Review: John Dies at the End

Review: John Dies at the EndReview: John Dies at the EndIt seems strange to call something “post-modern horror” but John Dies At The End may be the first of it’s kind. Don Coscarelli, the man behind cult classics Phantasm and Bubba Ho-Tep, has brought us a genre bending viewing that’s as fun as it is weird.

The movie’s plot is hard to follow, leading to a number of moments where you’ll scrunch your face up and silently mouth “what the hell” to yourself, but by the end you have just about figured everything out.

David Wong (Chase Williamson) and John Cheese (Rob Mayes) are best friends who both ingest the street drug “Soy Sauce” and it draws them into a topsy-turvy world where nothing is what it seems. They discover that for most the drug kills the user but for John and Dave it has allowed them to tap into a paranormal world and help combat the ancient evils that are trying to tap their way into our world. It gives them strange psychic abilities, like the ability to communicate with the dead and to know the exact amount of change in a strangers pocket. Strange, right? 

In an early interview Coscarelli described the story as “Douglas Adams meeting Stephen King” and that’s a pretty accurate description. The story rides a hard Lovercraftian horror vibe throughout, making contact with multiple octopus-like creatures and different dimensions, but  does so with a tongue in cheek script that keeps you smirking the whole time. Coscarelli does what he does best, creating a B horror movie with a bigger budget, and he does a good job at creating a followable narrative with such a strange script.

The movie really shines with the acting abilities of Rob Mayes and Chase Williamson, both relative unknowns. Williamson’s portrayal of Dave Wong is reminiscent of Edward Norton in Fight Club, a skeptical narrator who sarcastically leads us through the story with voiceover monologues that Chuck Palahniuk wishes he wrote. Rob Mayes is consistently fun as the best friend John Cheese who is all too excited to be involved in this new monster filled world. The two play off each other really well and it’s a shame they didn’t have more on-screen time together, with over half the movie having Dave looking for John. We are also treated to a number of exciting cameos, with Doug Jones showing up as interdimensional creature, Clancy Brown as the powerful mystic Albert Marconi,  Paul Giamatti as a reporter, and Angus Scrimm popping in as a blunt preacher with a potty mouth.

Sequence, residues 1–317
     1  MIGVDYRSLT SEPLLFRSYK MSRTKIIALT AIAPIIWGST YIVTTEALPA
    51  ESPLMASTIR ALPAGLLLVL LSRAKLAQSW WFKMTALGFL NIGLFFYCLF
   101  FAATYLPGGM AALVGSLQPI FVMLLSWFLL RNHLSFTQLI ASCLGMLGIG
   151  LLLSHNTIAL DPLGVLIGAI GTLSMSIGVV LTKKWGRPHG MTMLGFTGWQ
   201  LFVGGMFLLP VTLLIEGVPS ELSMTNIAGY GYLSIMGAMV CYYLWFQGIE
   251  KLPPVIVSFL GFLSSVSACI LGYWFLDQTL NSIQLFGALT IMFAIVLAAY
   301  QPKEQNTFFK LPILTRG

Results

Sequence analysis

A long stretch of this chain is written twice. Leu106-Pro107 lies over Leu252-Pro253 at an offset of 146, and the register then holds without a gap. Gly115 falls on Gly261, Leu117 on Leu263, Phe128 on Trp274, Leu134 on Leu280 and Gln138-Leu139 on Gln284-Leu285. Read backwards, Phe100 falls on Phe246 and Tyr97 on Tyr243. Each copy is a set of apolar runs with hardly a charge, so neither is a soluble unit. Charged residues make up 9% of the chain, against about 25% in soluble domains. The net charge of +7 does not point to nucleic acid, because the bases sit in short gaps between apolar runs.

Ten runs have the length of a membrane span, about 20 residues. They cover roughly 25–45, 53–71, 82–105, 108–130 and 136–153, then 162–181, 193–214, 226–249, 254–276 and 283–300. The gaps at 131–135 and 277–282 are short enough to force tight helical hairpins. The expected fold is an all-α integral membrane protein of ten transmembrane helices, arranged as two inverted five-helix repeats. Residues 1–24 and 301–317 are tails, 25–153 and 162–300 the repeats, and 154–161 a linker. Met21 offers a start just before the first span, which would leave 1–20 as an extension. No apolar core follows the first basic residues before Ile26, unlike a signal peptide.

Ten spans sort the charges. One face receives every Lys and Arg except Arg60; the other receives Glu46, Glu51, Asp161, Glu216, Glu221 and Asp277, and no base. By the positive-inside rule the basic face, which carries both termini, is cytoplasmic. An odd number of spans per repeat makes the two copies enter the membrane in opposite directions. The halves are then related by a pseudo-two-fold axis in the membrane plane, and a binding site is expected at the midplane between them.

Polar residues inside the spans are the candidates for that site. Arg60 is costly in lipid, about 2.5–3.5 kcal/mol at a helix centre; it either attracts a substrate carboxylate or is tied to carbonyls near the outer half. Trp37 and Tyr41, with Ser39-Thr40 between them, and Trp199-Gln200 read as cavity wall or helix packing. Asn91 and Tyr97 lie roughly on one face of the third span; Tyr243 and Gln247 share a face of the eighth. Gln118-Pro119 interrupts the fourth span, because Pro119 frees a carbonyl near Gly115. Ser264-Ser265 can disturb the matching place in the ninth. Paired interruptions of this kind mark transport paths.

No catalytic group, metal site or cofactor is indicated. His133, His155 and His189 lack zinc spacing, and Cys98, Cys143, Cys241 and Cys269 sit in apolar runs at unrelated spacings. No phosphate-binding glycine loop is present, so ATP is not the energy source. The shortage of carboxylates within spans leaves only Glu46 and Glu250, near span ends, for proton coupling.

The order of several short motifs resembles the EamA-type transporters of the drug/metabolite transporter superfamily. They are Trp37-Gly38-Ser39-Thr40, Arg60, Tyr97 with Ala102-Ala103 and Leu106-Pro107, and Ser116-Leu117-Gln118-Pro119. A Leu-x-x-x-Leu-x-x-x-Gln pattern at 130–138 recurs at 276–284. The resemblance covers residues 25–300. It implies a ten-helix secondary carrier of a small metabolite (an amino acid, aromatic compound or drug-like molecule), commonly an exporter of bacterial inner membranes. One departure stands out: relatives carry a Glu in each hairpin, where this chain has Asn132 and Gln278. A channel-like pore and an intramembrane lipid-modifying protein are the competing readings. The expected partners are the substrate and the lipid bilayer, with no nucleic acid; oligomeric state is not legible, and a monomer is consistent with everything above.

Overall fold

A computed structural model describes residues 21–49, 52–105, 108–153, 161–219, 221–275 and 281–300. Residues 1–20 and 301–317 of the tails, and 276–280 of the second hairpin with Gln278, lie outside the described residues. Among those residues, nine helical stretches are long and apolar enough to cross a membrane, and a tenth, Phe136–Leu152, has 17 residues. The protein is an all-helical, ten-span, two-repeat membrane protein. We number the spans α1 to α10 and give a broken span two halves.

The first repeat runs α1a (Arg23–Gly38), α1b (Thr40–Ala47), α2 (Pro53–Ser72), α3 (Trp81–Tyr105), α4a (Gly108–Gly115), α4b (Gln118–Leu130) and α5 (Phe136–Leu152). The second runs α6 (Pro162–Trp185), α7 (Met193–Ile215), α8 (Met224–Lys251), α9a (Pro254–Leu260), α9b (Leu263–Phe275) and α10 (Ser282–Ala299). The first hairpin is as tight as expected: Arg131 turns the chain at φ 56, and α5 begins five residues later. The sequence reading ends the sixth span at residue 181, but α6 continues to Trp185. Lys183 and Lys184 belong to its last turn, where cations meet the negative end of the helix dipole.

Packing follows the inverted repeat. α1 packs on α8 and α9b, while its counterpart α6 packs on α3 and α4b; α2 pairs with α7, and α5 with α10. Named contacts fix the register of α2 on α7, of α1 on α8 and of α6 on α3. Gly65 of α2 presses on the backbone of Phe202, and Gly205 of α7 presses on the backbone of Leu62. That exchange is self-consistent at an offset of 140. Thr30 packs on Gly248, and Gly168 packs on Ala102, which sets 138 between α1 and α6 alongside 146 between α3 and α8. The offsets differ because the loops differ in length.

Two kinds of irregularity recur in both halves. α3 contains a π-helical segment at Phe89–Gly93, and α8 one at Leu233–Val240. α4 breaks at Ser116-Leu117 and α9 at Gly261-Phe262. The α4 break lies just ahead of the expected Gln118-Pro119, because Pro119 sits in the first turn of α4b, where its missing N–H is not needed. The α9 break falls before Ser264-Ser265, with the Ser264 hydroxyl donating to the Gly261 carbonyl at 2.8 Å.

At times it seems like too much was crammed into one movie. The plot deviates pretty significantly from the novel, which is broken into three separate pieces. The book weighs in at a hefty 480 pages and it’s clear to see that some cutting and splicing had to be done to make the movie a viewable length while still making the plot feasible. A few different points of the movie seem illogical, almost unnecessary, but most of this is made up for by at least bringing a few laughs with it.  It really rides the fringe of horror and comedy.

Through the course of the movie we do end up seeing bloodsucking slugs, a plethora of tentacles, reanimated corpses, mask-wearing naked cult followers and exploding heads but nothing is truly scary. Overall, the movie is just a lot of fun. It’s a cult classic in the making, full of genre vets and two newcomers who I hope to see a lot more of.

Coscarelli really hits it home, landing John Dies At The End right alongside of Bubba Ho-Tep as a ready-made cult classic that’s bizarre, well-acted and humorous.

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